The Solemnity of Christ the King, November 24, 2019
Today’s Feast of Christ the King brings to a close the annual cycle of the church’s liturgy. It fittingly focuses our attention on Jesus Christ and brings alive once again in our hearts the words spoken at the great Easter Vigil last spring while inscribing the paschal candle, the symbol of the risen Christ: “Christ yesterday and today, the Beginning and the End, the Alpha and the Omega. All time belongs to him and all the ages. To him be glory and power through every age and forever. Amen.” These consoling words and profession of faith ought to be for us at all times the source of our consolation and peace.
What we are celebrating today was brought home to me lucidly and beautifully just this past week during a visit with one of our alumni. He and his wife are helping in their parish’s marriage preparation program and they by chance are meeting with two engaged couples who are recent graduates of our college. In working with them, he has been impressed by the vitality of their faith and the central place it holds in their relationship and in their preparation for this most important event of their entire lives. When he had finished telling me about this, he said, “The church is alive! It’s great!”
After seemingly endless months of heaviness with revelations of scandals, abuse of persons and of power, this revelation – “The Church is alive!” – was like a beam of sunlight piercing the clouds of a fall day and setting the landscape ablaze with color. The church is indeed alive because it is the Body of Christ, joined to our Lord and Head by a bond that can never be broken. The church is alive because God has willed it so, and has called it together to continue His saving presence in the world until the end of time.
Just as there is a danger of missing the teaching of this Feast of Christ the King by calling to mind historical models, such as the King of England or the King of France, so also there is the danger, so prevalent today, or thinking of the church in terms of the dysfunctional model of political life. It has become popular to describe the church as divided into progressive and conservative factions. Just as it has become accepted at least in American political life to disparage and demean one’s opponents rather than engage in a careful and reasoned examination of policies and positions, so also has it become fashionable even in the church to speak of Pope Francis in some circles as a heretic and in others as a savior, distorting in both directions the role of the pope in the church and too often basing one’s judgments on soundbites from preferred media outlets rather than an informed and careful study of issues. This is wrong. It divides the church, the Body of Christ.
In the midst of all this, the church provides us today with Christ the King, the one who came to gather into one the dispersed children of God, and who taught his disciples that by this all will know that you are my disciples, that you love one another. The church provides us today with Christ the King, the one who reveals the unfathomable mercy of God who had such compassion on our weak and sinful humanity that he took our human nature himself in all things but sin to heal and restore it. Far more profoundly than the Israelites of old could say to David can we say to Jesus Christ: Here we are, your bone and your flesh. He knows well our hopes, our sorrows, our weakness, our joy, because he has shared them. The church provides us today with Christ the King, who entered into his reign on the cross, powerless before the powers of the world, to reveal that love, which is the very life of God, is more powerful than all the forces of evil and death. His words to the thief, preserved for us in today’s gospel: Amen I say to you, this day you will be with me in Paradise, have led countless martyrs through the ages to bear witness to the power of God’s love even to the shedding of their blood. Through their witness time and again, the power of God’s love present in their seeming powerlessness has overthrown earthly powers from the Roman Empire down to the murderous and totalitarian regimes of the twentieth and twenty-first centuries. The church provides us today with Christ the King to remind us again that Jesus lives and that we need not be afraid, because God has delivered us from the power of darkness and transferred us to the kingdom of his beloved Son.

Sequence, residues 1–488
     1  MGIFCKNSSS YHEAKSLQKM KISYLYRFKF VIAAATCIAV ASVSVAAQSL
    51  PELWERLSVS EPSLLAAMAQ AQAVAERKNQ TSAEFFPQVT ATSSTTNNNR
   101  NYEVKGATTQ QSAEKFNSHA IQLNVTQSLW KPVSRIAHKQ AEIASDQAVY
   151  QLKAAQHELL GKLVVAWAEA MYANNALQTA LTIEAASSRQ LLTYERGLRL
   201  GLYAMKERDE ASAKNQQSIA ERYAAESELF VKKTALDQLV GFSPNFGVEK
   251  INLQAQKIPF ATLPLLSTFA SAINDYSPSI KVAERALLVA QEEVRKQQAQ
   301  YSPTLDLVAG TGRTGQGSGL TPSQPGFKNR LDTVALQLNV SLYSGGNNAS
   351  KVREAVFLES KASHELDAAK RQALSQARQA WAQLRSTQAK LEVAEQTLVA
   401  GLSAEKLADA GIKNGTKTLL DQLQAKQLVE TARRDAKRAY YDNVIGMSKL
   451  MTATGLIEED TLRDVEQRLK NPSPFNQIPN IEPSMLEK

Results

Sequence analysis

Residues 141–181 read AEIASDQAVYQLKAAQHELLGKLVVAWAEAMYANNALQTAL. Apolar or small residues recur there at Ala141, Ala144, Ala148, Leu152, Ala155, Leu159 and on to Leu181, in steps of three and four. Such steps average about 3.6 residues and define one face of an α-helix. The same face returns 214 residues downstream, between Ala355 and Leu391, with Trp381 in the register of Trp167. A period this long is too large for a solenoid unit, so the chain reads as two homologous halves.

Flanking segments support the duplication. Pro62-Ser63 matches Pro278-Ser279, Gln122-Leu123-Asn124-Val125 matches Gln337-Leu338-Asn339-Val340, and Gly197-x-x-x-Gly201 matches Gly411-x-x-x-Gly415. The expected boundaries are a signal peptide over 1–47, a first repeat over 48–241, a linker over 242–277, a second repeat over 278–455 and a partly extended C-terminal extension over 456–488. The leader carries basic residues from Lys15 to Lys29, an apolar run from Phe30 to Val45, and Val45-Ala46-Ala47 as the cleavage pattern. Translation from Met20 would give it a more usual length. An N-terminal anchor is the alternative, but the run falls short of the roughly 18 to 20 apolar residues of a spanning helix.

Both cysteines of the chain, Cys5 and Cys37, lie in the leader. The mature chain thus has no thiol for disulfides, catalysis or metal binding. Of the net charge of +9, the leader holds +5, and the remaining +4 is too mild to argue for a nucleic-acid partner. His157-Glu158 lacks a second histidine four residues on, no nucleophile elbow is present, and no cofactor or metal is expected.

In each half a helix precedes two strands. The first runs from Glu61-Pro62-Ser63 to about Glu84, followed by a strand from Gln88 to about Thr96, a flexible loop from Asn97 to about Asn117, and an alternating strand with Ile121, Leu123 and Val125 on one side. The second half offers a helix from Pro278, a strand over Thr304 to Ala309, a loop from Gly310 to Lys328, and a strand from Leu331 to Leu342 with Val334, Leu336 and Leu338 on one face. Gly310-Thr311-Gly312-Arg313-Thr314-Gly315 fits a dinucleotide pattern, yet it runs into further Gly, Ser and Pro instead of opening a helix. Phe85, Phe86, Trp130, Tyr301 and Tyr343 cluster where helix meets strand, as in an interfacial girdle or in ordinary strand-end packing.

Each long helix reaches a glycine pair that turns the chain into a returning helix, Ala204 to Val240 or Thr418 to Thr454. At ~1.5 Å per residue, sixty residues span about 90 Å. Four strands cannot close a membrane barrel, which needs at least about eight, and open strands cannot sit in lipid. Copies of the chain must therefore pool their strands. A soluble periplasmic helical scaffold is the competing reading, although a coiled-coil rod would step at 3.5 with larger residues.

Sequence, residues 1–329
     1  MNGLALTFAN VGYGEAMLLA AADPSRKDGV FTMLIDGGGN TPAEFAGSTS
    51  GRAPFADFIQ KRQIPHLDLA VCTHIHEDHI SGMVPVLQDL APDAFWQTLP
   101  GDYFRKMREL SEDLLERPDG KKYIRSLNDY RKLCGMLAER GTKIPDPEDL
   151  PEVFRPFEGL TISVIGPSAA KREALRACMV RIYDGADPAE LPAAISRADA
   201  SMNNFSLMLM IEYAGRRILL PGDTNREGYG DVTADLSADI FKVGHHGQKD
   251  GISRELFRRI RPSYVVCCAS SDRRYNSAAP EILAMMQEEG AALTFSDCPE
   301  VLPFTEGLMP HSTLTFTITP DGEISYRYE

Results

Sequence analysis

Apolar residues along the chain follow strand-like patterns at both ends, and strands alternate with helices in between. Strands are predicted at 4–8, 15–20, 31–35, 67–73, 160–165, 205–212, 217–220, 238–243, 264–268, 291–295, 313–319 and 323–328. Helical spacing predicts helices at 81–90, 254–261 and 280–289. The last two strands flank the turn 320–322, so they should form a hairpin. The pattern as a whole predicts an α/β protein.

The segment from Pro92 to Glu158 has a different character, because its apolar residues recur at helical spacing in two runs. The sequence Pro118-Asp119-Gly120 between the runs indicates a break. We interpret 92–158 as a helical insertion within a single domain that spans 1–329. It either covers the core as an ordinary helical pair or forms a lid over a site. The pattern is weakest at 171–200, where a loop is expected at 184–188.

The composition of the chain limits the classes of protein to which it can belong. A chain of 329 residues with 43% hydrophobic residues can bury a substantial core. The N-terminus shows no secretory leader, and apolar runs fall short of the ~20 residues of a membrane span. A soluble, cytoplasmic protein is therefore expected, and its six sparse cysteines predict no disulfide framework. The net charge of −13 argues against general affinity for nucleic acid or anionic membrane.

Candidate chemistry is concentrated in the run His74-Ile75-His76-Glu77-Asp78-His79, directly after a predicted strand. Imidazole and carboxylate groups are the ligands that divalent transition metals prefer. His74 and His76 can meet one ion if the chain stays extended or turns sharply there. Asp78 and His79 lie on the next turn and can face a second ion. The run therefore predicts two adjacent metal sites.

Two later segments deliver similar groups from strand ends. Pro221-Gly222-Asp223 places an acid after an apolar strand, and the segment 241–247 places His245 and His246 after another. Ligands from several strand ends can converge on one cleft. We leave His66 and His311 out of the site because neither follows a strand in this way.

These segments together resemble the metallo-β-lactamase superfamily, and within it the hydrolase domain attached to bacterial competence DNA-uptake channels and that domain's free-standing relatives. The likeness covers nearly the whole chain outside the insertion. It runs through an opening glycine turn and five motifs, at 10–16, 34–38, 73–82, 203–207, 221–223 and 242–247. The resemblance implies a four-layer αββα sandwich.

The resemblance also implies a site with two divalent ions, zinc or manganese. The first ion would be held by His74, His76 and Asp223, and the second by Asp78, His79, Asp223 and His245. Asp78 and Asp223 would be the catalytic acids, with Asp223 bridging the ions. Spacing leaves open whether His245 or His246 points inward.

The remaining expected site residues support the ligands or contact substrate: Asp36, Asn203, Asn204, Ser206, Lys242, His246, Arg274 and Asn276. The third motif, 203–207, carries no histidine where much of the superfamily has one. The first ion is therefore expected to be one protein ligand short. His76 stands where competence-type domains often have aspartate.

So we are not celebrating Christ as some earthly power, but the Lord who guides the hearts and minds of all who have been baptized. If Jesus Christ rules us then it is we who have been sent to make Jesus Christ present in the world. If Jesus is truly the Lord of our lives then it is we who have been called to restore the church as a communion in charity and truth. Just as in the earthly ministry of Jesus Christ, his divine power worked through his true humanity in a way that amazed people and caused them to wonder, so fully was it united to our ordinary humanity. Likewise today, through the ordinary forms of bread and wine, the divine presence of the risen Lord comes to us through his power in this Eucharist, the true body and blood of the Risen Jesus, to empower us to witness to his lordship.
The church gives us this Feast of Christ the King to renew our belief, our confidence, our hope and our love for Jesus Christ, the Son of God, our Savior. He is risen from the dead, never to die again, promises us victory over sin and evil and even death itself. Most fittingly today can we proclaim at the end of the church’s year of grace those words with which we began the celebration of his triumph in the Easter Feast: “Christ yesterday and today, the Beginning and the End, the Alpha and the Omega. All time belongs to him and all the ages. To him be glory and power through every age and forever. Amen.”
Abbot Placid Solari, O.S.B.
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